Friday, April 29, 2005

Why Spaying and Castration are your friends

If you have cats or dogs (especially dogs) and care abt keeping them alive for as long as they possibly can, please read this. PLEASE do. Yesterday I necropsied a Golden Cocker Spaniel bitch. I am truly, truly upset. In fact, I am so upset that I have been very carefully NOT thinking abt it but this fury, this hot, gut-wrenching fury has me now, and I will tell you exactly how bloody unnecessary her death was. We start off by doing a physical examination: body condition (e.g. fat amount, mucosas, joints). This dog was fairly normal but highly anaemic. She also had a huge tumour under her right armpit, the size of a tennis ball. It became fairly obvious what the problem was when we reached the teats.

Female dogs have 5 pairs of teats: two thoracic (1-2), two abdominal (3-4), one inguinal (5). On the right, pairs 3-4-5 were obviously cancerous, as were pairs 3-4 on the left. Imagine a line connecting the teats on every side, and now imagine that both the teat pairs and the space connecting them are so hard they actually form a ridge under the skin that stands upright on its own. A dog w mammary cancer doesn’t stand a very good chance unless it’s caught in the very beginning. Then, we’re taught, the entire chain on the affected side is removed (and maybe later the one on the other side as well) along w the inguinal lymph node. Spaying is also recommended (oh we’re getting warmer here). Some vets say that spaying the bitch will render the removal of the second chain unnecessary but hell do I disagree. More on this later. You can see the surgery here.

Upon opening the dog we found secondary tumours in the lungs and liver. This is a bit of an understatement, see, bcs it would be more accurate to say that it was a miracle and the dog’s personal damnation that she had been able to breathe for as long as she did. The tumours on the liver were disseminated but there was plenty of healthy liver left. The lungs had been ALMOST ENTIRELY replaced by cancer. That poor dog suffered for I don’t know how long, in pain and fighting for every breath. I have many, many problems with this. That dog SHOULD have been spared those last stages of suffering, euthanasia is never pleasant but it’s a matter of doing what is right for the animal, and not what is right for the misguided owner. And it could all have very well been completely avoided if the bitch had been spayed before her first heat.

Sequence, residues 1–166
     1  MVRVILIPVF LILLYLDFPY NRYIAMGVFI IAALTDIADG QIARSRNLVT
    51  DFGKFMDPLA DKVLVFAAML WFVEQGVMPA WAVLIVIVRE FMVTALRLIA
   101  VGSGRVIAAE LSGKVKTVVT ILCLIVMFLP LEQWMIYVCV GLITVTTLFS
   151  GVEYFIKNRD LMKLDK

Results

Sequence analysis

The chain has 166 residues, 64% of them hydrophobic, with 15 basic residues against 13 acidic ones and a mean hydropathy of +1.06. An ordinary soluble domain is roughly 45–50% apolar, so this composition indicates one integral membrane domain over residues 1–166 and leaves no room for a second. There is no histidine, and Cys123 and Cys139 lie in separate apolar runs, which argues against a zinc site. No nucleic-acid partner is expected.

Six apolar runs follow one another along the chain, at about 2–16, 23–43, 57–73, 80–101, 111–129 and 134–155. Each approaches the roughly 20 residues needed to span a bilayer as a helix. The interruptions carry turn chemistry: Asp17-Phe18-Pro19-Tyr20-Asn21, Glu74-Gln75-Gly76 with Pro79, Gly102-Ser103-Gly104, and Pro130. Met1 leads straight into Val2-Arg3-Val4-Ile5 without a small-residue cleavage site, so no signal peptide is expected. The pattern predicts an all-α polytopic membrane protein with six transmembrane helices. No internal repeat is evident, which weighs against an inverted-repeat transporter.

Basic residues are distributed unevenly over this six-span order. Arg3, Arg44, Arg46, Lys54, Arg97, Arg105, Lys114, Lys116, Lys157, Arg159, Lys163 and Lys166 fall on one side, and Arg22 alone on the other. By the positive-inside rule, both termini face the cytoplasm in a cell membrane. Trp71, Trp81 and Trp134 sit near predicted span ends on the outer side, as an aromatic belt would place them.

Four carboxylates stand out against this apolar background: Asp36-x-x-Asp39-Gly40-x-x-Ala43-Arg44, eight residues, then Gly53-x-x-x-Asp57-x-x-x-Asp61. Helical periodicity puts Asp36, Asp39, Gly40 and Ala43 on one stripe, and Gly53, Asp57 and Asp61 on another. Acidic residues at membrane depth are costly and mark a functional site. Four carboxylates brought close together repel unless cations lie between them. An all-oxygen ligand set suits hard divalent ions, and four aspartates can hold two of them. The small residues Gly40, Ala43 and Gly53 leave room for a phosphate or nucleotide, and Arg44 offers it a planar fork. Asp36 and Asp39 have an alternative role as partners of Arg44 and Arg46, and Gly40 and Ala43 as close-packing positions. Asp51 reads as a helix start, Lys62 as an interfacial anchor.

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SPAYING
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MYTH: A female will act crazy if she’s spayed.
MYTH: A female needs to give birth at least once or she’ll act crazy
MYTH: A spayed female will be inevitably obese
MYTH: A spayed female will miss IT
MYTH: Spaying is not natural
MYTH: The female should at least be allowed to keep her ovaries

FACT: A female spayed bfr her first heat, be it cat (5-6 months) or dog (depends on breed but better early than late), will almost certainly not develop mammary tumours. A bitch spayed after her second heat will have a higher probability of developing mammary cancer but it will still be significantly reduced. A female spayed after her third heat stands the same chance of developing cancer as a non-spayed one - and this is why I feel it’s very dangerous not to remove the second mammary chain. As you can see, females are better off WITHOUT that first litter. Furthermore, unless it’s a pedigree dog, why would you want to increase the number of existing cats and dogs? If you’re not lucky enough to live in a country where there are shelters that ALWAYS accept animals, you’re adding to the problem.

FACT: It is still worth spaying females bcs that reduces the chances of pyometra - uterine infection which sometimes involves peritonitis and can often be fatal even w treatment, most certainly is without. An open pyometra may show itself bcs there is a vaginal discharge but a closed one will not, and then only lack of appetite, frequent urination and thirst, along w a very firm abdomen and pain to the touch will clue in the owners, with luck, that something is wrong. Sometimes when the bitch is valuable and used for breeding owners want to try medication only. It sometimes work but the risk is so high that the only truly effective treatment is a hysterectomy. The uterus is so full of pus it is hard to believe, once the uterine horns are pulled out, that the whole thing could have fitted inside the animal. Go here if you don’t believe me. Can you imagine the pain that animal was in? An early spaying would have prevented this witth an almost 100% certainty.